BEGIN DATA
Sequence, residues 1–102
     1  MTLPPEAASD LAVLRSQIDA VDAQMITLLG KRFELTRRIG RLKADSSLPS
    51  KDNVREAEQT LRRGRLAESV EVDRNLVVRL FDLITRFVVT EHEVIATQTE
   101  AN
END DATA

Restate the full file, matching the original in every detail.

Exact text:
Sequence, residues 1–102
     1  MTLPPEAASD LAVLRSQIDA VDAQMITLLG KRFELTRRIG RLKADSSLPS
    51  KDNVREAEQT LRRGRLAESV EVDRNLVVRL FDLITRFVVT EHEVIATQTE
   101  AN